Yellow Wallpaper By Charlotte Gilman

For the women in the twentieth century today, who have more freedom than before
and have not experienced the depressive life that Gilman lived from 1860 to
1935, it is difficult to understand Gilmans situation and understand the
significance of The Yellow Wallpaper. Gilmans original purpose of
writing the story was to gain personal satisfaction if Dr. S. Weir Mitchell
might change his treatment after reading the story. However, as Ann L. Jane
suggests, The Yellow Wallpaper is the best crafted of her fiction: a
genuine literary piecethe most directly, obviously, self-consciously
autobiographical of all her stories (Introduction xvi). And more importantly,
Gilman says in her article in The Forerunner, It was not intended to drive
people crazy, but to save people from being driven crazy, and it worked (20).

Therefore, The Yellow Wallpaper is a revelation of Charlotte Perkins
Gilmans own emotions. When the story first came out in 1892 the critics
considered The Yellow Wallpaper as a portrayal of female insanity rather
than a story that reveals an aspect of society. In The Transcript, a physician
from Boston wrote, Such a story ought not to be writtenit was enough to
drive anyone mad to read it (Gilman 19). This statement implies that any
woman that would write something to show opposition to the dominant social
values must have been insane. In Gilmans time setting The ideal woman was
not only assigned a social role that locked her into her home, but she was also
expected to like it, to be cheerful and gay, smiling and good humored (Lane,
To Herland 109). Those women who rejected this role and pursued intellectual
enlightenment and freedom would be scoffed, alienated, and even punished. This
is exactly what Gilman experienced when she tried to express her desire for
independence. Gilman expressed her emotional and psychological feelings of
rejection from society for thinking freely in The Yellow Wallpaper, which
is a reaction to the fact that it was against the grain of society for women to
pursue intellectual freedom or a career in the late 1800s. Her taking Dr. S.

We Will Write a Custom Essay Specifically
For You For Only $13.90/page!

order now

Weir Mitchells rest cure was the result of the pressures of these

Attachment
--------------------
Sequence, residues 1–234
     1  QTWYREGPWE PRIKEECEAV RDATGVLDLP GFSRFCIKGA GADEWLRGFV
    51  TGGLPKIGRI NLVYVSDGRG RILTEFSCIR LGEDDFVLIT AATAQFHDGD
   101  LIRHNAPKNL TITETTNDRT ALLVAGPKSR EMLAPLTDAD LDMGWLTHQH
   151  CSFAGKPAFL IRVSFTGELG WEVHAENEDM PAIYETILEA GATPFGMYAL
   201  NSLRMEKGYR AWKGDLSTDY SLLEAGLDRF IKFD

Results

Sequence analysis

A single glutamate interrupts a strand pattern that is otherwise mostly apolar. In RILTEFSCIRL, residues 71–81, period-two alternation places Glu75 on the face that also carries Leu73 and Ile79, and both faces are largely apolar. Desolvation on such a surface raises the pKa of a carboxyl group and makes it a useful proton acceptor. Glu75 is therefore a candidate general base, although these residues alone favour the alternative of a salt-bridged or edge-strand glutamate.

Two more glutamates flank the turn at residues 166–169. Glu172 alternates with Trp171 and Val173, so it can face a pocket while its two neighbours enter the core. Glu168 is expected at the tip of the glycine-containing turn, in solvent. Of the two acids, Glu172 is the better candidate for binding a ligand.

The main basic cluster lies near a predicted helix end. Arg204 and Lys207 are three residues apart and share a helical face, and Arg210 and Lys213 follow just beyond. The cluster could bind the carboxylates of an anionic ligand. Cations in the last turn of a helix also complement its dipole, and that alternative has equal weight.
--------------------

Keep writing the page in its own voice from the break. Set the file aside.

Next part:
prevalent social values. Charlotte Gilman was born on July 3, 1860, in Hartford,
Connecticut in a family boasting a list of revolutionary thinkers, writers. And
intermarriages among them were, as Carol Berkin put it, in discrete
confirmation of their pride in association (18). One fact that catches our
attention is that, either from the inbreeding, or from the high intellectual
capacity of the family, there was a long sting of disorders ranging from
manic-depressive illness to nervous breakdowns including suicide and short
term hospitalizations (Lane, To Herland 110). Harriet Beecher Stowe, Gilmans
aunt, also complained about this illness. When writing to a friend, Beecher
said, My mind is exhausted and seems to be sinking into deadness (Lane, TO
Herland 111). She felt this way for years and did not recover from so many
breakdowns until finding real release in her writing of Uncle Toms
Cabin (Lane, To Herland 111). And Catherine Beecher, another famous writer and
lecturer at that time, was also sent to the same sanitarium for nervous
disorders. As Gilman came from a family of such well known feminists and
revolutionaries, it is without a doubt that she grew up with the idea that she
had the right to be treated as anyone, whether man or woman. Not only did this
strong background affect her viewpoint about things, it also affected her
relations with her husband and what role she would play in that relationship.

From the beginning of her marriage, she struggled with the idea of conforming to
the domestic model for women. Upon repeated proposals from Stetson, her husband,
Gilman tried to lay bare her torments and reservations about getting
married (Lane, To Herland 85). She claimed that her thoughts, her acts, her
whole life would be centered on husband and children. To do the work she needed
to do, she must be free (Lane, To Herland 85). Gilman was so scared of this
idea because she loved her work and she loved freedom, though she also loved her
husband very much. After a long period of uncertainty and vacillation she
married Charles Stetson at 24 (Lane, Introduction x). Less than a year later,
however, feelings of nervous exhaustion immediately descended upon
Gilman, and she became a mental wreck (Ceplair 17). In that period of
time, she wrote many articles on women caught between families and careers
and the need for women to have


I'm William!

Would you like to get a custom essay? How about receiving a customized one?

Check it out